Stockfisch Records Allan Taylor
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"ALL IS ONE"

On previous albums Allan Taylor sang songs about the road, about all the different countries and all the hotel rooms… The new album goes deeper – into time and ultimately to the recognition: “All is one”. A powerful philosophical statement delivered with virtuoso lightness.

Someone who is approaching 70 and calls his album “All Is One” obviously has something to say. Just recently Allan Taylor faced one of life’s tests – a severe shoulder disfunction prevented him from playing guitar – not an easy situation for a musician. In the meantime that is thankfully all healed and forgotten. Not shying away from the strain and frustration involved, he worked his way back to his instrument, his fans and to the recording studio at Stockfisch Records. He could have presented this album as a big comeback, a resurrection, but that is simply not the style of this master of contemplative tones.

Insiders will recognise a stringent continuation of his 2009 album “Leaving At Dawn”. Even then it was about leaving, about long journeys, the poetry of movement – subjects even more strongly represented on this album. Instead of driving on asphalt it’s about moving through time, and the title song is the best example. He wrote the first lines back in 2004, which kept flickering back to him and could finally now be completed. The lyrics tell of old guitars and of velvet gloves which close doors - but the song is a long way from drowning in sentimental resignation. Those who can read between the lines will discover a clever mixture of dance and march: “One final dance unites us all”.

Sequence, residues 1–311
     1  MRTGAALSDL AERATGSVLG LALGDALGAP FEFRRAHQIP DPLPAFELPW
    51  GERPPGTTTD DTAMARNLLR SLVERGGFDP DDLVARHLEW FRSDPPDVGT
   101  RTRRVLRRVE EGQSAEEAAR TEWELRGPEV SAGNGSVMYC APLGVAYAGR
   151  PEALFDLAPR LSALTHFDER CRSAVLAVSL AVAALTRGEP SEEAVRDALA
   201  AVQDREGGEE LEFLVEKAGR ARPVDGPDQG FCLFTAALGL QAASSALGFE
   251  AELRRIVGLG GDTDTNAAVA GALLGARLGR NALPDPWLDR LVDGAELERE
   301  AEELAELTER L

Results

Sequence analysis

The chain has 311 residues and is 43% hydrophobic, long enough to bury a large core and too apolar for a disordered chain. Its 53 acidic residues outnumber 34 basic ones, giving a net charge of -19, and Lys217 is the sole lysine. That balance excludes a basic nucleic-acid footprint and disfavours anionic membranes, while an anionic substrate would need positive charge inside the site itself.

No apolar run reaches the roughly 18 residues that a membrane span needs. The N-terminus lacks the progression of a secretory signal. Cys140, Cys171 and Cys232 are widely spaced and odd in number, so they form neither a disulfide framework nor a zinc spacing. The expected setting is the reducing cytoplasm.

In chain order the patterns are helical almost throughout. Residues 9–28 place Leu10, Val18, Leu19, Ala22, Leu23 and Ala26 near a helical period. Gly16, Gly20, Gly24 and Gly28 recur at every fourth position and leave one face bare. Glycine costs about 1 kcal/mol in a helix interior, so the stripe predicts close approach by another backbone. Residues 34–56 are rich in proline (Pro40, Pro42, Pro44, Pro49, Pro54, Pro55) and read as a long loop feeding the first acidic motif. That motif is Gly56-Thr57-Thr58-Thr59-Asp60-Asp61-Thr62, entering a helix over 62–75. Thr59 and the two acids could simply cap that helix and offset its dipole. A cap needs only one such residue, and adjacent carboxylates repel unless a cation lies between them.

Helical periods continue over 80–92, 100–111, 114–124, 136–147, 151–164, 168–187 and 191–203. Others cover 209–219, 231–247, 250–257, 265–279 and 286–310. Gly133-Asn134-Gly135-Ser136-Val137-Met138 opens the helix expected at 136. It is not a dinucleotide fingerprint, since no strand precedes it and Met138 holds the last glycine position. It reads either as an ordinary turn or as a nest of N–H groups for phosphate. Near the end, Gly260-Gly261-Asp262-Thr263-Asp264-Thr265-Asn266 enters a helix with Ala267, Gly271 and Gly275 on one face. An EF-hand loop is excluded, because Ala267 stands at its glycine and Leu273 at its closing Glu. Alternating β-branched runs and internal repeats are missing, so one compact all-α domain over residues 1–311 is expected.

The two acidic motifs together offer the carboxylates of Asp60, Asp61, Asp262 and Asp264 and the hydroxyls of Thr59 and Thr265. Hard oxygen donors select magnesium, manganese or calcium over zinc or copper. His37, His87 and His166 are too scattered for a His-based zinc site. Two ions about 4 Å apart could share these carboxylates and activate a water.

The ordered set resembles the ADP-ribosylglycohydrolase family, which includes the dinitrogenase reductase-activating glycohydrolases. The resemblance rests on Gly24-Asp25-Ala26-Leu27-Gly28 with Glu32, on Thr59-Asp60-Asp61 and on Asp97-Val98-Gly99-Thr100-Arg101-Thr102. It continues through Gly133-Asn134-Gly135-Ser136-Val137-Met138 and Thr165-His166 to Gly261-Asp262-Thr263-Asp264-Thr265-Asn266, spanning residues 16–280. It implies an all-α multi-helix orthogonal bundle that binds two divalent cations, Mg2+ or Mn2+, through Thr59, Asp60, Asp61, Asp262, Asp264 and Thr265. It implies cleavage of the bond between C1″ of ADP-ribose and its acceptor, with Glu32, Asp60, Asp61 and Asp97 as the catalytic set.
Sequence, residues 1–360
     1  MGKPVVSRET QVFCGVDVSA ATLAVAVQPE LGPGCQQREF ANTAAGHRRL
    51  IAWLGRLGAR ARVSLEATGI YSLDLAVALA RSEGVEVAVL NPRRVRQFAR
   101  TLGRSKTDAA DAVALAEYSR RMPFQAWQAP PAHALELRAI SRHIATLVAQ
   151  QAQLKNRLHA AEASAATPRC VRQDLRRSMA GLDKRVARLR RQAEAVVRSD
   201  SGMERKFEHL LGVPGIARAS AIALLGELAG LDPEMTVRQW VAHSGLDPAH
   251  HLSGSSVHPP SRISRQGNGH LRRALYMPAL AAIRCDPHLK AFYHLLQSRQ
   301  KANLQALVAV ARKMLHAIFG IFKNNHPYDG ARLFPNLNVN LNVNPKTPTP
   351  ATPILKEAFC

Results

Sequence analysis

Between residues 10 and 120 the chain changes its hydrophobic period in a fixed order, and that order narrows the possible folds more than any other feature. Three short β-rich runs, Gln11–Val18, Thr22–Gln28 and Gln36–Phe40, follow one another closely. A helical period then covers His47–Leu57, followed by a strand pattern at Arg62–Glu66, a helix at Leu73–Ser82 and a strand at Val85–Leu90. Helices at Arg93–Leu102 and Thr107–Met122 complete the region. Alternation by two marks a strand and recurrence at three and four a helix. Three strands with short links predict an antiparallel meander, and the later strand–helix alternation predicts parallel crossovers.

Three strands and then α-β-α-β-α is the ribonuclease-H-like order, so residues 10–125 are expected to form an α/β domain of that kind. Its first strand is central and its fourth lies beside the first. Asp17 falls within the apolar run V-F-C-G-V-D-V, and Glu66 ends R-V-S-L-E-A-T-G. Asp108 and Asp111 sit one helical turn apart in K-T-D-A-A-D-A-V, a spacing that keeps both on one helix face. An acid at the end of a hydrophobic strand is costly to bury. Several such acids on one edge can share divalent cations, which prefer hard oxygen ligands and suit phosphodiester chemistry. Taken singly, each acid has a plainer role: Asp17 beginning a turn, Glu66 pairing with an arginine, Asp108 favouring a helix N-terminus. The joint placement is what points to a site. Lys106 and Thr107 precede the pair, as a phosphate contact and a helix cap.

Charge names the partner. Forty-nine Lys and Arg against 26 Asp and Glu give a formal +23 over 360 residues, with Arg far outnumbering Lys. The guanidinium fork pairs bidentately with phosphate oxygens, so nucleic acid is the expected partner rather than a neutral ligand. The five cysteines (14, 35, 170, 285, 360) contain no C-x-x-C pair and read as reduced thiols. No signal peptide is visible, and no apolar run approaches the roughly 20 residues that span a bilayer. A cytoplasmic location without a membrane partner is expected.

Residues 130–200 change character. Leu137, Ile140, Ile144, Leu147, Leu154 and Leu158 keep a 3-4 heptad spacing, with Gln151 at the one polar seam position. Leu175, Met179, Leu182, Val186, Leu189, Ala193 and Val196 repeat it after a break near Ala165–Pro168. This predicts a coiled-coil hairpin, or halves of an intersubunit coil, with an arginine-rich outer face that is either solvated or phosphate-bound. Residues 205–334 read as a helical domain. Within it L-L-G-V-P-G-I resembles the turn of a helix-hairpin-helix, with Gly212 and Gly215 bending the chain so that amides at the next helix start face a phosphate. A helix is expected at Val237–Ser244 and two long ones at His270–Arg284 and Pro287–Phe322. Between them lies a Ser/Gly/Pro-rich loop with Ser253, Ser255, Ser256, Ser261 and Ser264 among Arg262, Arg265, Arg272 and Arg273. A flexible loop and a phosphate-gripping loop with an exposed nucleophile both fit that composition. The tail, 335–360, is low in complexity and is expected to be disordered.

Super-Audio-CD Hybrid: SACD Stereo + CD-Layer
SFR 357.4078.2  •  total time 52:06

It is Allan Taylor’s very own rhythm, for he sees himself as part of the “Travelling Troubadours” tradition: dance, sing and travel onwards … with good news: a new tour starts, he is currently touring through Germany, Scotland and his English homeland.

Also available as Vinyl-Edition incl. all 10 songs.

SFR 357.8078.1  •  total time 52:06  •  180g-LP

Taylor plays his favourite Martin guitars with the same sensitivity for body, expression and autonomy which one finds in his vocal performance – always moving, and never merely vague. In the last song Allan Taylor summarizes: „I may not be the perfect man, I guess I’ll do the best I can“ – and ends the album with the bemused lightness of a simple D-major chord. Maybe a touch too modest for a master?

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